Stroke is one of the most disabling conditions in old age. Good quality of care may prevent subsequent disability. Yet, recommendations for stroke care focus mainly on acute phase. Much less consistency exists in later phases when care is delivered by a wide spectrum of providers. The aim of the study was to map current trajectories of stroke patients through different health care settings in three European countries: Czech Republic, Lithuania, and Poland.
The research was conducted within the CLESA project (“Cross-National Determinants of Quality of Life and Health Services for the Elderly”) in 2003. It combined qualitative methods of case study questionnaire and expert consensus group. Existing standards of care, accessibility of health and social care services were compared cross-nationally focusing on time factor, professionals involved, administrative and financial components of services.
Application of international recommendations for acute care for stroke patients positively affected accessibility of acute care services in all the countries considered in the study. Differences between countries occurred mainly in the post-acute care in the type of institution, professionals involved, eligibility criteria for rehabilitation and financial resources for care. Home care was the most diverse and fragmented service in terms of provider type, organisation and payment system.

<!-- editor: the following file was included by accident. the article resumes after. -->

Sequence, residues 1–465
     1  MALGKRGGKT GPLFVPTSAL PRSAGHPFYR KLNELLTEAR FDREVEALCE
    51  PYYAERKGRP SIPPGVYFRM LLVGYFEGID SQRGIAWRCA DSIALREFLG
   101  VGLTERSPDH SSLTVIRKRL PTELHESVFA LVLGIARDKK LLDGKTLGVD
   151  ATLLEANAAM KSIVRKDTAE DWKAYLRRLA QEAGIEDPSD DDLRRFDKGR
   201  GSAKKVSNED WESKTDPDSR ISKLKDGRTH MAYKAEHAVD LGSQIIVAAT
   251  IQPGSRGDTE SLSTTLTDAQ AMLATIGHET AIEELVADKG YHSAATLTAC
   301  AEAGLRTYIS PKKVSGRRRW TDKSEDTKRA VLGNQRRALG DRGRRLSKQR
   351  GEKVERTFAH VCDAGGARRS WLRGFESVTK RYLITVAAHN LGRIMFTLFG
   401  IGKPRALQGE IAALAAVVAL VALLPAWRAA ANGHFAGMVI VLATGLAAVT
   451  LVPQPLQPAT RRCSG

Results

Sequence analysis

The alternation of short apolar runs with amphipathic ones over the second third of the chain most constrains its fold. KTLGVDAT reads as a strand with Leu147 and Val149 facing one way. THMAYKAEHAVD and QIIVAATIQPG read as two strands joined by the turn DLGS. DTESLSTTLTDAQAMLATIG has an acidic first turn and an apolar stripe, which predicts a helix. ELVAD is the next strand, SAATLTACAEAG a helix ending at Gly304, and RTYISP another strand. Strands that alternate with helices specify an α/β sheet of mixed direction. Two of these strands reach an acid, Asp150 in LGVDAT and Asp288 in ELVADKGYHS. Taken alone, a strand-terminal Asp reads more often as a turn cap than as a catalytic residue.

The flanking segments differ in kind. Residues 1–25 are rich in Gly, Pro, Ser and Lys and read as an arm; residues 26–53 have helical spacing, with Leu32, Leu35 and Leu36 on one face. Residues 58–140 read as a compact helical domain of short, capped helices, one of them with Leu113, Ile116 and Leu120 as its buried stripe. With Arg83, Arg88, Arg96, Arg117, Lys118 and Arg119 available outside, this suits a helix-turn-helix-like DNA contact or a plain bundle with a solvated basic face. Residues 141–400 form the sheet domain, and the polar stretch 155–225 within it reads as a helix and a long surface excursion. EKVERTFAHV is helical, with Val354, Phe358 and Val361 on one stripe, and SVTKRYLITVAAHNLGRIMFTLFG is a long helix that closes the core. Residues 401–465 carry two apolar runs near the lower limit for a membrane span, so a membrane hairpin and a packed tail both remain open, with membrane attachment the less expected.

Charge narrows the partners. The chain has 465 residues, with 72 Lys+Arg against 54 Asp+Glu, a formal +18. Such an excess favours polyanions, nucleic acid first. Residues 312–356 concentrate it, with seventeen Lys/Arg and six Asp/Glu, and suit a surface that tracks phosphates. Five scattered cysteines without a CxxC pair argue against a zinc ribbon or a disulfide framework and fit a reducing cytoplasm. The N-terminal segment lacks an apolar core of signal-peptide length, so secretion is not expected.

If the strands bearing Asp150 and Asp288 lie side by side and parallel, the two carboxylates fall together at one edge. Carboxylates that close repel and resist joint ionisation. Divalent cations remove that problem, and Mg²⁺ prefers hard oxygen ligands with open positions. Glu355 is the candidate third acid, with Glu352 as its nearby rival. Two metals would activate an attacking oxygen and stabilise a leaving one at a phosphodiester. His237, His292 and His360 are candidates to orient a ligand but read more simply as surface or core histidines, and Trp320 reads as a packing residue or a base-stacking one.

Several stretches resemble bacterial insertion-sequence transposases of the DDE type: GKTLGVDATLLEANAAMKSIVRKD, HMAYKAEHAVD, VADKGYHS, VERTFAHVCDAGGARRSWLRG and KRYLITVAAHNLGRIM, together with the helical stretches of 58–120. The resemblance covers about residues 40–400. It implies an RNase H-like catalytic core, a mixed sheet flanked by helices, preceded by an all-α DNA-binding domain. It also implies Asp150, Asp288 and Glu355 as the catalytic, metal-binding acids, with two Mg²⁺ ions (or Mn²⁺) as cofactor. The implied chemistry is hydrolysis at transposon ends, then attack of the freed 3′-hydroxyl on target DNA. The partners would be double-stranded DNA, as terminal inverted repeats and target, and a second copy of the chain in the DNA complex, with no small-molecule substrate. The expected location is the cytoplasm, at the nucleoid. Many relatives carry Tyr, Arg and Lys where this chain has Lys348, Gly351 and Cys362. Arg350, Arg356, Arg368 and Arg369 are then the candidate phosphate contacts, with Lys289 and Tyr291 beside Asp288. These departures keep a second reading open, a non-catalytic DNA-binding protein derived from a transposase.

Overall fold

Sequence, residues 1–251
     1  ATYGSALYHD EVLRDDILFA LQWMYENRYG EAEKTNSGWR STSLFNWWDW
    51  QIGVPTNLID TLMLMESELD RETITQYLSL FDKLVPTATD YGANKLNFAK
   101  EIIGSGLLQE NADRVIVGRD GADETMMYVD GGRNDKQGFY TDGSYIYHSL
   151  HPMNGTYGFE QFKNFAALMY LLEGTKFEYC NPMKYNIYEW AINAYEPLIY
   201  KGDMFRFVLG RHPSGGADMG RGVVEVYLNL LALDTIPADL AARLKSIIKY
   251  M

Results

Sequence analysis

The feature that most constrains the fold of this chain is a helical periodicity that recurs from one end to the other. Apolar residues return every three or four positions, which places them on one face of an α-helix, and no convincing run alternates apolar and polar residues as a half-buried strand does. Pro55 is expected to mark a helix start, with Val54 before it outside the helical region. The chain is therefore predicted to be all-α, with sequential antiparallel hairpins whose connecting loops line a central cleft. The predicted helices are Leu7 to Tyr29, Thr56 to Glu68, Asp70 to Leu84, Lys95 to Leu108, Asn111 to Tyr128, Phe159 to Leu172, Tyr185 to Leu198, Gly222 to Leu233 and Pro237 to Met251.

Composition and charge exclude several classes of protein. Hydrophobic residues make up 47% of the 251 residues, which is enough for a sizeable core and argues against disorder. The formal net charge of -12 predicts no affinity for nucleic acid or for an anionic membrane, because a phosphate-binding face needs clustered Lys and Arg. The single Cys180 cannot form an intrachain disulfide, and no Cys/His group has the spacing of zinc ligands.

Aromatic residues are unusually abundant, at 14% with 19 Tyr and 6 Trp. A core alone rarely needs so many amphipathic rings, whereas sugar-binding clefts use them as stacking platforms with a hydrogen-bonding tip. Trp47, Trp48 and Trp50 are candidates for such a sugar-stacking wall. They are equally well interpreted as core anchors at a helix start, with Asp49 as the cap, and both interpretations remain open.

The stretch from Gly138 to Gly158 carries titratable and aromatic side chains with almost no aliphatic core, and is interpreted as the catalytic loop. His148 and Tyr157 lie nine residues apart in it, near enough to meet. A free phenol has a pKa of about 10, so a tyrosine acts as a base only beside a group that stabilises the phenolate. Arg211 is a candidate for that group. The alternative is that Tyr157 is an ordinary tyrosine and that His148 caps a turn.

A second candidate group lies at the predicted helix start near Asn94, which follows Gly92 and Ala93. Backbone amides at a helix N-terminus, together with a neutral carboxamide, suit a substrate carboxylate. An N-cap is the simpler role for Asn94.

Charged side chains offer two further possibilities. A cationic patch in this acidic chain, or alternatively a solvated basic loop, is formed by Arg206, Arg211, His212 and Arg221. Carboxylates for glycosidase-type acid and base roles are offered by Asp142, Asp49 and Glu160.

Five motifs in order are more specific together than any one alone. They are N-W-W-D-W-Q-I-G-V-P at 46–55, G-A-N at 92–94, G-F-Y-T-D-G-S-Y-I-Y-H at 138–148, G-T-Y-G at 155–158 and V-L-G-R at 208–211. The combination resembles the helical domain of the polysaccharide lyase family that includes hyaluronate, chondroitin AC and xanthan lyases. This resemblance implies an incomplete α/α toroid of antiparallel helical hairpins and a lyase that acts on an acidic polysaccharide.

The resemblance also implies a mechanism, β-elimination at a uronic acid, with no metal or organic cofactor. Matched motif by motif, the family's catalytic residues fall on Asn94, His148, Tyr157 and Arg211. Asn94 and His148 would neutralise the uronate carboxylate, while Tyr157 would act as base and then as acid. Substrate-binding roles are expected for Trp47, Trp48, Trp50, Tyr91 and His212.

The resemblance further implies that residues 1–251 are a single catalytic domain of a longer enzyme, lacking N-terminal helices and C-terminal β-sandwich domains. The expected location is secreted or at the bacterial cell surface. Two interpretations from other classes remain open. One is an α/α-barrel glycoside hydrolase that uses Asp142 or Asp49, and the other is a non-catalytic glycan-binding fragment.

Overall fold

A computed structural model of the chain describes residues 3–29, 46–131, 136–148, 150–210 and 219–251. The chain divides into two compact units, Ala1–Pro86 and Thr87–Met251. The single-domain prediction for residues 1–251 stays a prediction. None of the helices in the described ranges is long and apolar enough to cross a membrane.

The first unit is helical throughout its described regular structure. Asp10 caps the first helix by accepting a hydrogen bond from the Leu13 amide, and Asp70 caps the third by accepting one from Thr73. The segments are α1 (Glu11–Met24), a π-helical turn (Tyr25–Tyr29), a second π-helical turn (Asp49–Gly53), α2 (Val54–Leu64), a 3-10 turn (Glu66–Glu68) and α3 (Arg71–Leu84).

The evidence-based medicine shaped medical care during early stroke in the Eastern European countries into rather uniform performance resulting in development of acute stroke units. However, higher heterogeneity in the rehabilitation and home care services may come out of inaccuracies in the recommendations and standards of care in later stage after stroke.Le texte complet de cet article est disponible en PDF.
Abbreviations : ADL, ALOS, ASU, BAC, CR, CT, DALYs, ECG, EROS study, ESO, EU, EUSI, GP, ICU, ICR, LT, LTC, MRI, NHF, PL, rT-PA
Keywords : Stroke, Elderly, Trajectory of care, Stroke unit, Eastern Europe